There's a nice song somewhere inside "Photoshop Handsome," a 2009 single from the Manchester band Everything Everything. The melody takes some elated swoops and turns, and no one can accuse the music--a synthy, militant disco march--of lacking in energy. The problem is the lyrics: it's hard to form an emotional connection with couplets like "Chest pumped elegantly elephantine / Southern hemisphere by Calvin Klein." The guys in Everything Everything want to indict a culture that's obsessed with image, but their self-consciously clever phrases come off as just another kind of posturing.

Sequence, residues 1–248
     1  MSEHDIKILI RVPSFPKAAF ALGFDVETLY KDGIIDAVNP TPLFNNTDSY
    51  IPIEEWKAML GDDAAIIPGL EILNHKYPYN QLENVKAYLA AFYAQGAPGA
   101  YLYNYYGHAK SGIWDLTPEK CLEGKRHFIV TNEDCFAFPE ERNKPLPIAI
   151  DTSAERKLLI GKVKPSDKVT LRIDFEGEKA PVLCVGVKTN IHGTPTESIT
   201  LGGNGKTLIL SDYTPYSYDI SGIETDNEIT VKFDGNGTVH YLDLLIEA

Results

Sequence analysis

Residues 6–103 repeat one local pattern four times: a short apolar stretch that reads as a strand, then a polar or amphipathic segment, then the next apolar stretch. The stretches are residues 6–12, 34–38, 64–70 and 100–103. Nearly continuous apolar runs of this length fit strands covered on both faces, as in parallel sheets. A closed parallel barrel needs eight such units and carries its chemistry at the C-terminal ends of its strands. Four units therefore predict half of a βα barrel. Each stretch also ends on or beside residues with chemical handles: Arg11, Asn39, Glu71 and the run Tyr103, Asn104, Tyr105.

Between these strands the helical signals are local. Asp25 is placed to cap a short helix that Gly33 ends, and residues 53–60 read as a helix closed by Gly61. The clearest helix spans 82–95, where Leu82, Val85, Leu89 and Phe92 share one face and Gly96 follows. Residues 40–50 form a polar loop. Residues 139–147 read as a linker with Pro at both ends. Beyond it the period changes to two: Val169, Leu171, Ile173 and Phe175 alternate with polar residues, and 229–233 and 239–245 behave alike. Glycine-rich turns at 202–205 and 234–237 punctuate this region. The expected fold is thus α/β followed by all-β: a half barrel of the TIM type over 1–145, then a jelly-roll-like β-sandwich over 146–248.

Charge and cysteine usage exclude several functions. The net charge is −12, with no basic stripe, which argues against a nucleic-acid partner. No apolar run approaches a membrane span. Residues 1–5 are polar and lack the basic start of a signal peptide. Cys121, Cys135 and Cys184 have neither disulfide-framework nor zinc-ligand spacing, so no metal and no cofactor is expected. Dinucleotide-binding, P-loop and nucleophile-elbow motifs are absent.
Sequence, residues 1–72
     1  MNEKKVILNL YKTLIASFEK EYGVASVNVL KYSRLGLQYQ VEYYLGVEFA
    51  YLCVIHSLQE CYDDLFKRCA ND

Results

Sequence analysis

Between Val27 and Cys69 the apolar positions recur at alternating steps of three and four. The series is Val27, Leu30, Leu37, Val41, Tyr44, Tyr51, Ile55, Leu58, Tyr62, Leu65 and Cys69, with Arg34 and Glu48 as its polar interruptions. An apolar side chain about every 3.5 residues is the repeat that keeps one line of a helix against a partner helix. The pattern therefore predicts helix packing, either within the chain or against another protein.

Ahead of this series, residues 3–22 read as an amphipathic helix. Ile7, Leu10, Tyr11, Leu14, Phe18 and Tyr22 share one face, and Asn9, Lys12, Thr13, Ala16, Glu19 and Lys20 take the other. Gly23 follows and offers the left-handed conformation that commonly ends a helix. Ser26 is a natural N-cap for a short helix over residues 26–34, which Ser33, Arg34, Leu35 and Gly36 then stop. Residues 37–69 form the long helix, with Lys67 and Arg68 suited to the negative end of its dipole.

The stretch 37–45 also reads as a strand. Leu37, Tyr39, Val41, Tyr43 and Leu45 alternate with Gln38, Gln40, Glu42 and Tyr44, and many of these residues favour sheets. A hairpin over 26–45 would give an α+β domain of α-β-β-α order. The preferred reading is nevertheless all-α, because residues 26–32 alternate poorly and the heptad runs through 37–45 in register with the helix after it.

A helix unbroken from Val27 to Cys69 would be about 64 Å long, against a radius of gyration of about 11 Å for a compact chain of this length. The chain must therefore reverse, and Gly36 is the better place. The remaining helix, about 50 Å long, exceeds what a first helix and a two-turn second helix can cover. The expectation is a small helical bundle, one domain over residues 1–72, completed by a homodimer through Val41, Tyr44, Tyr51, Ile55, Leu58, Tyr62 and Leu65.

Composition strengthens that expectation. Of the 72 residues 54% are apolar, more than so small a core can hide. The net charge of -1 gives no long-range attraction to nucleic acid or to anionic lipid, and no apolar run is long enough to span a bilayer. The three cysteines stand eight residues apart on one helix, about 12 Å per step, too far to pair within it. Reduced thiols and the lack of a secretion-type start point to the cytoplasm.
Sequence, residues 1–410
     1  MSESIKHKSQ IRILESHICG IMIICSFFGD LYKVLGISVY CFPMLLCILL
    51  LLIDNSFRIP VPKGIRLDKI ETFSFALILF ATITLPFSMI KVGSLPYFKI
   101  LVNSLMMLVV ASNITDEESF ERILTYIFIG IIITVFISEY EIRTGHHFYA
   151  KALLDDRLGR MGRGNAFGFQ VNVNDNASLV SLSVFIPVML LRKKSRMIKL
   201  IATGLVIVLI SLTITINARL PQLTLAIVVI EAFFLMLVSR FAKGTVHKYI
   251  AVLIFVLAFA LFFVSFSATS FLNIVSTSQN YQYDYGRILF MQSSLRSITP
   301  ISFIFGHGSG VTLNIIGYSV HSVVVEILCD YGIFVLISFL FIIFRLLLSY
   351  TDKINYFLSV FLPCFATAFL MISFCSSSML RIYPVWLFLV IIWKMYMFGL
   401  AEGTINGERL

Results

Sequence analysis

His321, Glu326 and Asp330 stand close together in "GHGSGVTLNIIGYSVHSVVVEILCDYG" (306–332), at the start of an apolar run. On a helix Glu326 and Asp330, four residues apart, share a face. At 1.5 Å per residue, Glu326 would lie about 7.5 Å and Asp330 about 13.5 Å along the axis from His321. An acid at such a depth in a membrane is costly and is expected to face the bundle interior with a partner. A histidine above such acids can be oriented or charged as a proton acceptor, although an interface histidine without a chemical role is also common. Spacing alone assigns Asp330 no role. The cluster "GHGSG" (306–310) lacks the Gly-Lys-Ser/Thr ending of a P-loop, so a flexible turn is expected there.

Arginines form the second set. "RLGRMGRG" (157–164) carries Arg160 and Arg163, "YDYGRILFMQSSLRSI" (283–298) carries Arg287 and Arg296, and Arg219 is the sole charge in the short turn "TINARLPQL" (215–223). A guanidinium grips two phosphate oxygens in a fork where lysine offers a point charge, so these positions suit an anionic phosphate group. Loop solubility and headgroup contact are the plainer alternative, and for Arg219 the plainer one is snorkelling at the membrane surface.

The London brothers Guy and Howard Lawrence, who record as Disclosure, find a simple solution to this problem. On their remix of "Photoshop Handsome," they add a throbbing kick drum and then fade the vocal track in and out in time with it. It's there and gone, there and gone, revealed and concealed as if by a sort of aural strobe light. You can still hear a human voice, and get some kind of emotional read from it, but it's hard to make out the lyrics unless you already know them. Meanwhile, the music is given a chance to stretch out and display itself, and it takes on a nervy urgency it was possible to miss before. The Lawrence brothers manage to turn a cerebral pop tune into one heavy with feeling; they do it not by adding something, but by taking something away.
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